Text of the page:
This edition also contains an 8 page bibliography (fihris al-maṣādir wal-marājiʿ) and an unfulfilling one page table of contents (fihris al-mawḍūʿāt). This text would have been enhanced for readers and researchers by including an index for the couplets, proper names and places, and a more expansive table of contents that gives an overview of the wide range of topics covered by both al-Qārī and al-Būṣīrī. One possible addition to the table of contents would be division of the poem into the ten sections (abwāb) mentioned on page 28. The editor ought to have included the full-length poem (qaṣīdah) in the beginning or end of the edition so that it can be read without pauses. It should be noted that the couplets are enumerated throughout the text and are in bold which make it easy to identify. Aside from the last two sentences at the end of the introduction and images of the first and last folios (lawḥah) there is no other information given about the manuscripts. Overall this is a welcome edition with accurate paragraphing, precise punctuation, and reliable referencing. Lastly, other editions of this work have been published since, one by Dār al-Imām al-Rāzī  in Cairo in 2018. Stamped on the title page is the claim Yuṭbaʿ li-awwal marrah alā arbaʿ nusakh khaṭṭīyah (Printed for the first time using 4 manuscripts).[2] Another one by Dār al-Kutub al-ʿIlmiyyah in 2019.[3] However, I have been unable to access these editions and thus cannot compare between them. The expectation is that they should be better but al-faḍl lil-mutaqaddim (special virtue is for the first).


[1] Al-Ḥabashī, A. Muḥammad, Jāmiʿ al-shurūḥ wal-ḥawāshī : muʿjam shāmil li-asmāʾ al-kutub al-mashrūḥah fī al-turāth al-Islāmī wa-bayan shurūḥihā, 5 vols. (Dār al-Minhāj, Jeddah, 2017), 1:659-707.

[2] Al-Qārī, M. ʻAlī and al-Khurāsānī, A. Muḥammad. al-Zubdah fī sharḥ al-Burdah. (Dār al-Imām al-Rāzī lil-nashr wal-tawzīʿ, Cairo, 2018).

[3] Al-Qārī, M. ʿAlī and Farḥāt, Ḥ. ʿAzīz. Sharḥ al-Mullā ʿAlī al-Qārī ʿalā Burdat al-Būṣīrī. (Dār al-Kutub al-ʿIlmiyyah, Beirut, 2019).

Readings Amidst the Pandemic

بسم الله الرحمن الرحيم
يا سَلَام، صَلِّ وَ سَلِّم عَلَى النَّبِيِّ الأَمَان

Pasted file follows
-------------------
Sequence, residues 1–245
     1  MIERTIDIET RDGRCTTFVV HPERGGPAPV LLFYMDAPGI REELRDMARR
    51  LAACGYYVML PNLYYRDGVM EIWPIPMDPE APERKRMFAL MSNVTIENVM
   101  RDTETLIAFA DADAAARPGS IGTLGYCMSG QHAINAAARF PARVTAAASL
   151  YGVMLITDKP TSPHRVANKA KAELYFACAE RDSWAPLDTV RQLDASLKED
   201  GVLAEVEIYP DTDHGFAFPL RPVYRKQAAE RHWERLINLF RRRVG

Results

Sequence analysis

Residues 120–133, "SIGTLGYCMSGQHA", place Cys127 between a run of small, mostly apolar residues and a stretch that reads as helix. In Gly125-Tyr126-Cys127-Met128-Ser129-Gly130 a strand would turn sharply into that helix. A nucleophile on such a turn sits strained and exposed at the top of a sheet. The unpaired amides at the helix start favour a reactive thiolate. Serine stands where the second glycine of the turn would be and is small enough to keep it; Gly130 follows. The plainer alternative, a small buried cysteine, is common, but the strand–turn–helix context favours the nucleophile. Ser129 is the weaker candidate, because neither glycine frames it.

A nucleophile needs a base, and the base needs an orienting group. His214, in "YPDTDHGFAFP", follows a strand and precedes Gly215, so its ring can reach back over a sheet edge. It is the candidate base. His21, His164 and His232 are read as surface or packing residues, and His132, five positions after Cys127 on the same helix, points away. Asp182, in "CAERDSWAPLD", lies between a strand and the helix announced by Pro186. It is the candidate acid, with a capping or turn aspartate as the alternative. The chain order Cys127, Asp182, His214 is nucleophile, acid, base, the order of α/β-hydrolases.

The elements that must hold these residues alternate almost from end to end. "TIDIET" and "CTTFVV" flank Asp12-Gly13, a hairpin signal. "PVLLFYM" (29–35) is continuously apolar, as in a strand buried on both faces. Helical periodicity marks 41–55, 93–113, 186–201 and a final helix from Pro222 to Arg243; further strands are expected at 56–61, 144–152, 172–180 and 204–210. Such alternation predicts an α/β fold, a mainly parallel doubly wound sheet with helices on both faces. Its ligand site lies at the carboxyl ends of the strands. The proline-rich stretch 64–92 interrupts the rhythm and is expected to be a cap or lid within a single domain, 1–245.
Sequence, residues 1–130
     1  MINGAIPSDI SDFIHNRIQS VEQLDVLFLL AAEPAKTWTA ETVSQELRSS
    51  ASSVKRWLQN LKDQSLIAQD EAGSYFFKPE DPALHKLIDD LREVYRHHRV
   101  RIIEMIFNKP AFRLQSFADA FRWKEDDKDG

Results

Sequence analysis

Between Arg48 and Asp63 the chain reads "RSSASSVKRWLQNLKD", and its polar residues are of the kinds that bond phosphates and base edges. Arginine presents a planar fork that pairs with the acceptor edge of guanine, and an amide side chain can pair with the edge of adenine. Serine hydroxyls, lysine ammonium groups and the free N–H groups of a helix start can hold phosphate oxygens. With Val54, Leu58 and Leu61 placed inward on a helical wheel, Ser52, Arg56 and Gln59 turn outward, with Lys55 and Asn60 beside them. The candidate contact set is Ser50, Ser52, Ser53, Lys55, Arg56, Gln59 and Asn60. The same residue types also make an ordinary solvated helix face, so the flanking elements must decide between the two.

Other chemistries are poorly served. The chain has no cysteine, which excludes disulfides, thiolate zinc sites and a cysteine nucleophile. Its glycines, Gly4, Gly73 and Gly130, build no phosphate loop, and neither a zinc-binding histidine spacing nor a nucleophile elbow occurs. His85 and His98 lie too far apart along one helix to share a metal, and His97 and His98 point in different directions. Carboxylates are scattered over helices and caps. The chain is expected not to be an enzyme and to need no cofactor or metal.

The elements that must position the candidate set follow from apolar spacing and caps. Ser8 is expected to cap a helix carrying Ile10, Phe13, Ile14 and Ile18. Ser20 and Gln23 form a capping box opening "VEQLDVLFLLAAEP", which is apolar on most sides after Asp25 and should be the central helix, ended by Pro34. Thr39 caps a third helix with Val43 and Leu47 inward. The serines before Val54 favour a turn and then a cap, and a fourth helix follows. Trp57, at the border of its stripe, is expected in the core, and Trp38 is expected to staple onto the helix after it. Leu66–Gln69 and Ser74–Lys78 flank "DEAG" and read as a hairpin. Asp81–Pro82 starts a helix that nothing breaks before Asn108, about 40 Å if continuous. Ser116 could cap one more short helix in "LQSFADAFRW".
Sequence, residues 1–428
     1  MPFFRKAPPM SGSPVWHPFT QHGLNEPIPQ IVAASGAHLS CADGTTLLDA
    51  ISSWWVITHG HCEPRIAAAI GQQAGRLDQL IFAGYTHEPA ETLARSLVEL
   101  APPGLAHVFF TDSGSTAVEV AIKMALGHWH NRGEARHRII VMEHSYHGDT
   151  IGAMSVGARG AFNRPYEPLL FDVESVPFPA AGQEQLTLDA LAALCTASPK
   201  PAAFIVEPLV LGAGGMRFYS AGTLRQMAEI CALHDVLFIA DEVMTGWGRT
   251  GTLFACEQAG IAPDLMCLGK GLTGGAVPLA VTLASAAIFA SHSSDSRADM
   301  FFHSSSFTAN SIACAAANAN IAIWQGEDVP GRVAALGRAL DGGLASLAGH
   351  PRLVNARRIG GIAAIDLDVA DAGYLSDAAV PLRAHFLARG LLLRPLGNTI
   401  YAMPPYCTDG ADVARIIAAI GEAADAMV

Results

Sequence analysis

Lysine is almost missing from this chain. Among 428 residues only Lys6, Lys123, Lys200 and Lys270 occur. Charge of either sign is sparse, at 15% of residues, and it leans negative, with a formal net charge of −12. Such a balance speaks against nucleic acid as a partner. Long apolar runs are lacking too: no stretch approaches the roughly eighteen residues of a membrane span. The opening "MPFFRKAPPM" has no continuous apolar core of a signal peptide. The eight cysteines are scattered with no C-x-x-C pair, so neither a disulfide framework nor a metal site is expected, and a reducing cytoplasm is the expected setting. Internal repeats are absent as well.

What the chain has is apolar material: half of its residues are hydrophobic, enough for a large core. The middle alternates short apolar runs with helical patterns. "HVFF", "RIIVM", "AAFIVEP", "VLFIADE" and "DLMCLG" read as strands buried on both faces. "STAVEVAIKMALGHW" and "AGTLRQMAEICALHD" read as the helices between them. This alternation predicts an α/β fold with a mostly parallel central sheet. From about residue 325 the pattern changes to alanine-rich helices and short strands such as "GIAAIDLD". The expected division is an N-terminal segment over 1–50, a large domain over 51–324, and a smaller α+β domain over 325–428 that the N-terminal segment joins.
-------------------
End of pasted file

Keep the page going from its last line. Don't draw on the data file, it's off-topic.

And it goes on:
يا مُهَيْمِن، صَلِّ وَ سَلِّمْ عَلَى النَّبِيِّ المُيَسِّر
يا حَفِيظ، صَلِّ وَ سَلِّم عَلَى النَّبِيِّ العَزِيز

Below are works written regarding plagues/pandemics and general distresses.

The last two Arabic works concern the virtues of solitude, which can be benefited from in light of quarantines and stay-at-home orders.

Arabic works:

بذل الماعون في فضل الطاعون – ابن حجر العسقلاني

ما رواه الواعون في اخبار الطاعون – جلال الدين السيوطي

بغية الداعين برفع النوازل و الطواعين – ابو بكر الملا الأحسائي

فوائد البلوى والمحن – عز الدين بن عبد السلام

الأرج في الفرج – جلال الدين السيوطي

تكميل النعوت في لزوم البيوت – عبد الغني النابلسي

العزلة – ابو سليمان الخطابي البُستي

English works:

Desire for the Hereafter – Mawlānā Ashraf ʿAlī Thānawi
A translation of Shawq-e-Watan (in Urdu) written in the context of a plague that had spread in areas of northern India.

Trials and Tribulations – ʿIzz al-Dīn b. ʿAbd al-Salām
A translation of the Arabic text Fawāʾid ‘l-Balwā wa l’-Miḥan listed above.

Kitāb al-Arbaʿīn fī Uṣūl al-Dīn by Imam Abū Ḥāmid al-Ghazālī

كتاب الأربعين في أصول الدين
ط. دار االمنهاج 1439\ 2017

تأليف: حجّة الإسلام الإمام أبي حامد محمد بن محمد بن محمد بن أحمد الغزالي الطوسي الطبراني الشافعي

Image of the front cover.

Imām Abu Ḥāmid al-Ghazālī needs no introduction to any Muslim. Popularly known by the title of ‘Ḥujjat al-Islām’ (the proof of Islām), Imām al-Ghazālī is one of the most phenomenal scholars and ṣūfi masters in the history of Islām who, till this day, continue to amaze humanity with the depth of their knowledge, wisdom and spiritual light that emanate from their works. Author of tens of major works – mostly in Arabic, and some in his native Persian – Imām al-Ghazāli’s magnum opus is without doubt his monumental Iḥyāʾ ῾Ulūm al-Dῑn (Revival of the Sciences of the Religion). [Kitāb] Al-Arba῾ῑn fi Uṣūl al-Dῑn (Forty Chapters on the Foundations of the Religion) could arguably be described as a miniature version of his Iḥyāʾ – although, the Iḥyāʾ is what it is – it is huge and a very detailed and breath-taking work on the spiritual and inner dimensions of Islām. This current publication is a new and properly researched (muḥaqqaq) deluxe edition of the [Kitāb] Al-Arba῾ῑn fi Uṣūl al-Dῑn by one of the more reputable publishers of the Middle East – Dār al-Minhāj (Riyadh/Jeddah). Measuring 222 x 152 mm, the book is compact. It comprises 543 cream-coloured pages and the text is in two colours – black and maroon. The paper is high quality and the text has been thoroughly researched and compared with several manuscripts of the book, with hadith references and other useful annotations added by the editors throughout the edition – all common features of Dār al-Minhāj’s publications, as we have repeatedly seen over the last several years.